As the war in Ukraine seems poised to go on further, the war cost goes beyond soldiers and fighter jets. The cost of the Russo-Ukraine war extends far beyond the battlefront, and into the world at an economic scale not seen for decades. This war is changing the landscape of energy economics, the labor and trade market, which make the importance of defending Ukraine ever more important.
In Feb. 2022, when Russia began its offensive push against Ukraine, the majority of Western democracies aligned to punish Russia with sanctions. This included banning imports of most Russian oil, which caused energy prices in Europe to rise in various places around the continent. Since Russia was able to sell significant amounts of oil to India, in the short run, Russia did not see extensive damage caused by the sanctions on its oil. However, in the long run, Russia is now being forced to cut oil production due to the sanctions while Saudi Arabia is increasing production. Ukraine having a decisive victory in this war puts Europe in control of energy by being able to negotiate with a weaker Russia.
This has realigned the goals of European economies. One of the prime examples is Germany, as the German government had previously agreed to the Nord Stream II pipeline, which would expand oil trade with Russia. However, after the war started, the Nord Stream II pipeline construction has now been halted. In order to make up for oil imports and the shutdown of Nord Stream II, Germany has to move to coal production to keep its economy running, with them generating $1.4 trillion from using coal as energy. Ukraine’s victory in this war provides Germany with the ability to revisit Nord Stream II, which is likely, given the fact Germany kept the deal afloat despite Russia’s invasion of Crimea — showing Germany’s reliance on oil.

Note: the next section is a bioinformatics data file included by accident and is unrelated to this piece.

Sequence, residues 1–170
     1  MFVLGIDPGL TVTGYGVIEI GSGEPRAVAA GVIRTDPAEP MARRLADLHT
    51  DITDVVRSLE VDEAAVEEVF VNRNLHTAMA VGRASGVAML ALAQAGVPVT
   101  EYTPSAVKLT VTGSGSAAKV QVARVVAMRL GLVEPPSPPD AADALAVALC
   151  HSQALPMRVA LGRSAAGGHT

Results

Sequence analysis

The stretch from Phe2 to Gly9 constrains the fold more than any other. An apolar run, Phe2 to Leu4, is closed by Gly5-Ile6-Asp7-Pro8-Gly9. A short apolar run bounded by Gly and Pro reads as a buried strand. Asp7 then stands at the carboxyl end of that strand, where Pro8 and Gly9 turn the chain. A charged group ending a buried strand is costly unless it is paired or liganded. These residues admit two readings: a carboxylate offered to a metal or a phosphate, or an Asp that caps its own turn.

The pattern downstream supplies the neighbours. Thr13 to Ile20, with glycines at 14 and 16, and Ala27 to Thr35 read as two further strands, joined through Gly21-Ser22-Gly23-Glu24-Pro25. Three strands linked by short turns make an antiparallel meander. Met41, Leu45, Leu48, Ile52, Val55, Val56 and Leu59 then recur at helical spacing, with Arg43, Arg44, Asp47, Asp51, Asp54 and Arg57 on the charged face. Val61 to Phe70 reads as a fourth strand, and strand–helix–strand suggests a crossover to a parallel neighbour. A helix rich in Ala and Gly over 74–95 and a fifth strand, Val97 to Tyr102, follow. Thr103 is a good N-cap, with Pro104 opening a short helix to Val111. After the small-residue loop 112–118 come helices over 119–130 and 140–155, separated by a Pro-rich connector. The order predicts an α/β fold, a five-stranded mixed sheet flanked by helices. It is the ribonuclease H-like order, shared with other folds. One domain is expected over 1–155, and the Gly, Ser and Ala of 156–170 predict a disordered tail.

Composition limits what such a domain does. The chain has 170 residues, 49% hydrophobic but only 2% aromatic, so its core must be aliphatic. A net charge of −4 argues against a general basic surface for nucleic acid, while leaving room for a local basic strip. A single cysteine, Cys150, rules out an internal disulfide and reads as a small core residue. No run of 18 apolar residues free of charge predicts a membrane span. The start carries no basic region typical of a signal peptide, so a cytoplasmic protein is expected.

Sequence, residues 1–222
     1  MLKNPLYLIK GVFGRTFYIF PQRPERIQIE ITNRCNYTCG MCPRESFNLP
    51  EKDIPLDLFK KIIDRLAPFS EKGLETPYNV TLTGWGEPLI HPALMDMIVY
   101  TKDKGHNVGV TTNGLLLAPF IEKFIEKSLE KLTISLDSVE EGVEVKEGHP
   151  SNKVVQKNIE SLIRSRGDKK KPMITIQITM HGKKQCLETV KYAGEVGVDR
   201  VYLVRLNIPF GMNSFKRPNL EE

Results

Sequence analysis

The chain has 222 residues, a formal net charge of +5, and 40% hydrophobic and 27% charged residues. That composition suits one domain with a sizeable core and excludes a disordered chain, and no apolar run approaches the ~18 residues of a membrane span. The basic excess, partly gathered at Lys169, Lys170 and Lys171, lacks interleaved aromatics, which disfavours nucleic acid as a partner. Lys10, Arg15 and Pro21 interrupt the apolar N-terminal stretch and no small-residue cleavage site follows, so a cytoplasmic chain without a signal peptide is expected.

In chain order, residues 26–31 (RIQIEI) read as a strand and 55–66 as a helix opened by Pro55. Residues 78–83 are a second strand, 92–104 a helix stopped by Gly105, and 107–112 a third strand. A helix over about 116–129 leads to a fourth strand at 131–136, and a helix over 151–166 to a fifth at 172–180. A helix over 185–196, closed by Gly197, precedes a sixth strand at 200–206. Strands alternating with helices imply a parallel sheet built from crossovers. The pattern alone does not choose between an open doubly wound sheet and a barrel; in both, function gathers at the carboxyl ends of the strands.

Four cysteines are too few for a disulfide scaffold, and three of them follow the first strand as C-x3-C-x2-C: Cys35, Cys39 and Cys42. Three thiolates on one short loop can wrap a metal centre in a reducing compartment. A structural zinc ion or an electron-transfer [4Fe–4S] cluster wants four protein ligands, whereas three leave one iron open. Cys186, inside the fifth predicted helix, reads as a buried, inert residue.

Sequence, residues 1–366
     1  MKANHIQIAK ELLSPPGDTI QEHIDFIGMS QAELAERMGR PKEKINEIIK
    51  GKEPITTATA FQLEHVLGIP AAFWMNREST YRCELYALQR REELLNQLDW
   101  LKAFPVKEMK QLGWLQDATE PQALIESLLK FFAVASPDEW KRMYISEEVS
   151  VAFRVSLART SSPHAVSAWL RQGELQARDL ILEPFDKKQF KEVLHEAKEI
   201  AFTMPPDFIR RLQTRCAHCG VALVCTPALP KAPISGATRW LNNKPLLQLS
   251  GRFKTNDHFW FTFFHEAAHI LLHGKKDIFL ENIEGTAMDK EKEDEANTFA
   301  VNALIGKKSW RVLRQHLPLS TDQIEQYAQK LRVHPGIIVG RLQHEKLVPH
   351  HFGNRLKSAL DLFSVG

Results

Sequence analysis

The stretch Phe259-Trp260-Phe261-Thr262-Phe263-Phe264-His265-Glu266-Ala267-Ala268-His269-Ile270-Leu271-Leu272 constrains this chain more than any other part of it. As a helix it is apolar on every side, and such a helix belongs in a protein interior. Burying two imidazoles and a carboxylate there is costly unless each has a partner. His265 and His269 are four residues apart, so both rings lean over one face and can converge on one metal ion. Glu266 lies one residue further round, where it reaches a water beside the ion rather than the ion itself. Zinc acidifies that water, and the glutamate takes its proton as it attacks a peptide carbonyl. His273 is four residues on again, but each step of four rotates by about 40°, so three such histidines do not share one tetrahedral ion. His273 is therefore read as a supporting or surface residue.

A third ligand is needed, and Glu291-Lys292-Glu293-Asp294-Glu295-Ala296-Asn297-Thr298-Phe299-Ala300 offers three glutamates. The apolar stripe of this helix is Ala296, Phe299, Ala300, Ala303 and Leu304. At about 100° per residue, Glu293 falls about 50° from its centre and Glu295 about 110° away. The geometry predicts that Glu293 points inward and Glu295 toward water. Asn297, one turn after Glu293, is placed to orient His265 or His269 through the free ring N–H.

The labor and trade market further represent the economic importance of this war. As migrants increase throughout Europe, job opportunities and competition follows. Many Ukrainian migrants have already begun working, at a higher pace than many refugees usually do. At the end of the day, Ukrainians have been beneficial to the European economy due to the skills and work ethic they have brought. Furthermore, the input of these refugees is expected to heal labor shortages that have existed in the past.
Nonetheless, despite the benefits, it is important to understand that because of the war the Ukrainian economy is in shambles, which in return hurts Europeans one way or another. Many workers have fled, but farmers have continued to farm. Ukraine is still one of the world’s biggest agricultural producers. As the Ukraine economy is hurting, many European nations have lifted tariffs on farmers. These farmers are now competing with European farmers, which often struggle to keep up. While Ukrainian workers may have helped reduce certain labor shortages, there are certain areas where they will compete with Eurpoeans as long as the war goes on. The war has reshaped economics and made Ukraine an economic matter.